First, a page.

Mediterranee, 106/2, (1994), 383-432; ‘The Portrait, the Individual and the Singular: Remarks on the Legacy of Aby Warburg’ in The Image of the Individual : portraits in the Renaissance, eds Nicholas Mann and Luke Syson (London : British Museum, 1998), 165-185) proposing that the erstwhile existence of highly-realistic wax votive statues in Santissima Annunziata in Florence challenges mainstream (ie. Vasarian) art-historical models. The votives do this partly through their non-humanistic associations with ‘fetishistic magic’ (Warburg’s term, and probably a correct assertion); partly through the low social standing of their artisan makers (again, a valid challenge at least to Vasarian notions of the artist); partly because they were mechanically produced using facial casts in wax. This last assertion is more problematic, and most relevant to explore in relation to the concerns of this article. Although Didi-Huberman rightly notes the influence of Vasari’s inherent disdain for mechanical processes (effectively categorized as ‘non-art’ because lacking the artist’s creative input) he wrongly assumes (p.412 ff.‘Ressemblance...’) that the Santissima Annunziata wax ex votos directly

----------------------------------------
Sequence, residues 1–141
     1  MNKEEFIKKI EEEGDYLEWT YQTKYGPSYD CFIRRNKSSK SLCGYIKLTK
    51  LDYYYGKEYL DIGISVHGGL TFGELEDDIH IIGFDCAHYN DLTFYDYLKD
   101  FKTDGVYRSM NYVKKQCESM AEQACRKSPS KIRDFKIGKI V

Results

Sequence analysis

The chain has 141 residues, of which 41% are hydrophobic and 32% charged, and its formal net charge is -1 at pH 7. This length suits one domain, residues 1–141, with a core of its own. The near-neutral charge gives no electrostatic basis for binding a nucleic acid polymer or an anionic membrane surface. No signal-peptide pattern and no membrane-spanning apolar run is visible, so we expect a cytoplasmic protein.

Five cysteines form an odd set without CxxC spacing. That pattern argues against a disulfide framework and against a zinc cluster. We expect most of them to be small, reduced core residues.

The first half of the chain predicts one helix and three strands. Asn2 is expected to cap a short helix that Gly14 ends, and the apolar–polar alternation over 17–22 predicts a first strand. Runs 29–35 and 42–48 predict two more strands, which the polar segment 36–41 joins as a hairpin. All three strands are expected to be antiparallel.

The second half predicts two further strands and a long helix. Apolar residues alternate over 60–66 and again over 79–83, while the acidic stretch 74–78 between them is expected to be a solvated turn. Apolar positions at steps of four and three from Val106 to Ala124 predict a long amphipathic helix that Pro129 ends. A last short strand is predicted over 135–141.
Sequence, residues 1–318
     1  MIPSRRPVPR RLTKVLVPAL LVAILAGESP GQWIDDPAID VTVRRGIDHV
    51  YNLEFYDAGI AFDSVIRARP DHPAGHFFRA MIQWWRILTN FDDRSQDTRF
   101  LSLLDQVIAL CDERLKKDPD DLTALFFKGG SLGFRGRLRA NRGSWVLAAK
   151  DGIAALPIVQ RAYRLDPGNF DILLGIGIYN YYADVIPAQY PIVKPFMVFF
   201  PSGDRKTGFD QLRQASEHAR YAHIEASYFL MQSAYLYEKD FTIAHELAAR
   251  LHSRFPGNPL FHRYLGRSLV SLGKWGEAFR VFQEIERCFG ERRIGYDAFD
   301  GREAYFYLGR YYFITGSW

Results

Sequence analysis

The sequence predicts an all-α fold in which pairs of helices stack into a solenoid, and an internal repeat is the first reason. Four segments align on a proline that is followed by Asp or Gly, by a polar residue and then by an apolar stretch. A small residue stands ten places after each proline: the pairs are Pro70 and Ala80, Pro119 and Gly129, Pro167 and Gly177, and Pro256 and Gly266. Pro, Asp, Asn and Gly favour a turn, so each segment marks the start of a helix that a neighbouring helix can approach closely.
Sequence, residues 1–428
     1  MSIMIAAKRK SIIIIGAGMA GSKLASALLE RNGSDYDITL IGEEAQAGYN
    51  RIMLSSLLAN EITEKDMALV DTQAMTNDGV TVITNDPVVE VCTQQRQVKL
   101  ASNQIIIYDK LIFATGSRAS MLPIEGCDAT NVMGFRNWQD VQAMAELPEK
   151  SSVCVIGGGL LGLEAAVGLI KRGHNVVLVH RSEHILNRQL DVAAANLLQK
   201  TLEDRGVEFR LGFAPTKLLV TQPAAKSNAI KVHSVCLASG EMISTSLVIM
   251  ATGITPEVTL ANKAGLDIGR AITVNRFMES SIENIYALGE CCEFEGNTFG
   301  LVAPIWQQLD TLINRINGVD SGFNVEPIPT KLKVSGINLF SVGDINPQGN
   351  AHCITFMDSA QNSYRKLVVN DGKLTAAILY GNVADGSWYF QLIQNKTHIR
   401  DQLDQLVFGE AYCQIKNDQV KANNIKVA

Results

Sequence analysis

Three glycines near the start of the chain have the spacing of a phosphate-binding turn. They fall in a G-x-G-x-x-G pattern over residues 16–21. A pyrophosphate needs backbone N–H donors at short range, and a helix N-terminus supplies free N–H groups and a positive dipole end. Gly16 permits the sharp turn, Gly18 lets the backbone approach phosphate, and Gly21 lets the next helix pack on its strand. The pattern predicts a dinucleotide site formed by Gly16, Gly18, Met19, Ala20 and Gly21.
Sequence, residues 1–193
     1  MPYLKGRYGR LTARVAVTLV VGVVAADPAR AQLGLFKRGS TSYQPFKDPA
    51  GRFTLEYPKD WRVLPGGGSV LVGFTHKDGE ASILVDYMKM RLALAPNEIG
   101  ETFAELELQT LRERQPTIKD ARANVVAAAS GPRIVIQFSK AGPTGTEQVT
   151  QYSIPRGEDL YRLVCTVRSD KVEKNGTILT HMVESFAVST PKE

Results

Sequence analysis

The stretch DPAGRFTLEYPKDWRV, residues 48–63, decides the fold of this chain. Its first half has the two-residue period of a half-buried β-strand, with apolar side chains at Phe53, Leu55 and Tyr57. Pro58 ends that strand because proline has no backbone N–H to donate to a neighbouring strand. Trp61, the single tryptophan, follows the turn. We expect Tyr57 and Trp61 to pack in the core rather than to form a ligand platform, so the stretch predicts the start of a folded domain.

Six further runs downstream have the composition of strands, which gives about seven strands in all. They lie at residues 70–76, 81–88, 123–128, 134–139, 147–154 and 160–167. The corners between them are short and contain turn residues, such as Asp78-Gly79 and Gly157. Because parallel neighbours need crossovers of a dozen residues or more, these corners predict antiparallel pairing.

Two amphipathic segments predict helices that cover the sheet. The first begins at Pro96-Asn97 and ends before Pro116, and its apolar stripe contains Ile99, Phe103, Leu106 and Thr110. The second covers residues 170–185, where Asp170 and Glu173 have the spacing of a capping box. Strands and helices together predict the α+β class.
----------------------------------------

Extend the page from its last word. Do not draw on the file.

Abstract. The paper will describe the challenges of creating and delivering Italian for Art Historians, a bespoke content-integrated language course created for ab-initio Italian language students in History of Art (the majority of whom first-time language learners), and The Role of Art in Italian Society, a second-year language module part of the Italian degree programme at the University of York. Main topic will be the illustration of experimental initiatives aimed to facilitate the acquisition of bespoke specialist language skills essential to the History of Art discipline (beginner level students), and the use of ItalianArt as a tool to develop critical thinking skills in a much broader language learning context (advanced level students). The first part will illustrate the challenges faced by the language teacher when planning and delivering an interdisciplinary content-based language module that has to be fully integrated into an undergraduate degree programme. Particular focus will be given to the collaboration between an art historian and a language teacher and its vital role in the creation of bespoke Art-related language teaching material and how this plays a pivoting role in the module planning. A number of case-studies will illustrate the impact that the interdisciplinary nature of these courses had in the applied teaching practice, students’ engagement and classroom activities. In particular, how the integration between the module syllabus and other components of the respective undergraduate degree programmes has led students to experience a deeper engagement in the learning process. The paper will also present examples of technology-enhanced teaching (e.g. online personal portfolios, audio and video material) and data analysis on how these were deployed to enhance the quality of the student engagement with pertinent art-related assessment activities, student-teacher interaction and monitoring of student progress.